The Rev. Bruise K. Almighty

Some recent posts of mine have caused a bit of controversy in my congregation.  In one case it was my use of a particular word, and in the other it was my reference to some past sentiments in the church as “dying” and “forgotten,” in order to illustrate the present reality which feels much more hopeful.

I’ve edited the first, now, because the one word doesn’t feel worth the trouble.  [Y’all know you can curse in front of me if you need to, right?]  And these particular issues feel like they’re really pointing to something larger.

I think the root of this difficulty is the tension between the world of the established, institutional church, and the world outside it.  However you want to characterize it, there is obviously a significant cultural disconnect for congregations across the country, otherwise the church as a whole would not be in the sort of crisis where we find ourselves.

I have one foot in each of these worlds.  I was raised in the church, nurtured in the church, and the church is in my bones.  At the same time, I was not discouraged from being part of the wider world.  I am a real person, very much a part of my generation at the oldest edge of the Millennials.

I love my identity as a cultural translator, a bridge between worlds.  But it is not always an easy place to be.

Most obviously, in my two jobs as parish pastor and campus pastor, I have had to carve out on the fly what I look like and how I speak in each of those roles.  They are similar, often, but distinctly different because each group has different needs and comfort levels and expectations.  Then throw in who I am with my colleagues and friends, and then who I am in roller derby, and the picture gets more and more complicated.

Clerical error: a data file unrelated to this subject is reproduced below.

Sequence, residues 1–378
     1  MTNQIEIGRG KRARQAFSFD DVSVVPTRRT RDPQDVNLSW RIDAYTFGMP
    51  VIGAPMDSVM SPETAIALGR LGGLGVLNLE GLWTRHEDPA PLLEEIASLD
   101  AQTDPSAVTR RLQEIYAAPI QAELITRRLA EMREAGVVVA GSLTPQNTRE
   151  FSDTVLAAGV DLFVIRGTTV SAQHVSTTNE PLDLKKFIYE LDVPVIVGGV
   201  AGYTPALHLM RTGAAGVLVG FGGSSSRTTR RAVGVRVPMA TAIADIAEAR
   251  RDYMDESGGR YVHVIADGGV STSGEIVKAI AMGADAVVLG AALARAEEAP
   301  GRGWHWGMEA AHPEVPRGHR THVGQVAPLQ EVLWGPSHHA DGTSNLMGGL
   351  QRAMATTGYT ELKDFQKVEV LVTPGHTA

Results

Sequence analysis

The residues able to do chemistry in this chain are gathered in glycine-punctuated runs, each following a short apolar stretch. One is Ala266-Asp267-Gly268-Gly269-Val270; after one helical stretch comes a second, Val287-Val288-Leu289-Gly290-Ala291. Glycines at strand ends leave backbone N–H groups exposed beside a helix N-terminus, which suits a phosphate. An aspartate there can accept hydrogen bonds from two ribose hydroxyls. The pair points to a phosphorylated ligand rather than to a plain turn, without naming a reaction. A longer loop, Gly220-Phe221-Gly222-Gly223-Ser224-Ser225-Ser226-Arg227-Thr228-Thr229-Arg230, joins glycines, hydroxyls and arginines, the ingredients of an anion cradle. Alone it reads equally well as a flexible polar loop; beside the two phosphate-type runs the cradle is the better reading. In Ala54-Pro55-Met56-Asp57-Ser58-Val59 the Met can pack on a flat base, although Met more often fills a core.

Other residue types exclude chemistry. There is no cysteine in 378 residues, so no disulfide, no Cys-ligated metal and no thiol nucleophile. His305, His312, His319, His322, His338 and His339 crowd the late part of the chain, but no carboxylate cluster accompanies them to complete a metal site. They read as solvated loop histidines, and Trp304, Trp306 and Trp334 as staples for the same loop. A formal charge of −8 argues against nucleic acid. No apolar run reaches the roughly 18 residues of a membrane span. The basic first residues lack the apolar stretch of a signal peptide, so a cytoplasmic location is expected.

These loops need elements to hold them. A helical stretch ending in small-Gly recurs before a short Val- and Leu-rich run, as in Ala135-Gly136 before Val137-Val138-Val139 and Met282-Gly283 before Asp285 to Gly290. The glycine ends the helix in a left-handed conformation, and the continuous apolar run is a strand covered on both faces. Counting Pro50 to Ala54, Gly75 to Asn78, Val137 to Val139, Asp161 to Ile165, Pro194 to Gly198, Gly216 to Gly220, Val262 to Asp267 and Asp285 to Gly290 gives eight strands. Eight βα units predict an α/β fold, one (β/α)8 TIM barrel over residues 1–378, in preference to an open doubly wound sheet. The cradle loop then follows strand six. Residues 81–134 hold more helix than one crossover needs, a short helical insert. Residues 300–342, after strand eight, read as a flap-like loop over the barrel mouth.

Each of these identities is still me.  I strive to be true to myself in whatever role, and I really value the multiplicity of my identity.  I have thought a lot about cultivating my image in different contexts, and I’ve learned some invaluable things that help me to dress intentionally for each different role.  Even if that does mean a lot of costume changes.

I am at the meeting place of the culture clash between mainline church folks and young adults, and in some ways my very identity is emblematic of the changes that are taking place.  For many people, I am not what a pastor looks like.  I am young (in church terms), I am female-bodied, I have tattoos, I am bisexual, I am honest about my own struggles and my own humanity, I am passionate about justice issues and not afraid of shaking up the powers that be — although I’d argue that last one is exactly what a pastor looks like, or at least they should.

And I’m realizing that this very reality is powerful for people who are not served by the church as it is, or the way they perceive the church to be.  For people who have seen the church as disconnected from the modern, “real” world, I am proof this reality is changing.  People who have said to me, I don’t really go to church but I’d love to hear you speak sometime.

But that same disjuncture – where for some people it is a positive thing that I don’t look like a pastor – presents some difficulties when you’re looking from the other side.  Because I don’t look like a pastor.

And there’s nothing I can say that will smooth out that tension, because that is the present reality of the church in the modern world.  And that is the reality of my self and the unique ministry to which I am called, somehow bridging this irreconcilable divide.

So I invite you to be here with me in this tension.  If the mainline church and the modern world are going to have anything to say to one another, we will somehow have to face these places where our cultures clash and our expectations have to shift, from both sides.

Or, you know, we won’t.  But I have to have faith that we can.

Banksy - Stained Window

2 responses to “The Rev. Bruise K. Almighty

  1. Thank you Kate for your craft and care and compulsion to write about what truly matters ….and for your love for the church!

  2. Pingback: Holy Priorities | Kate LeFranc

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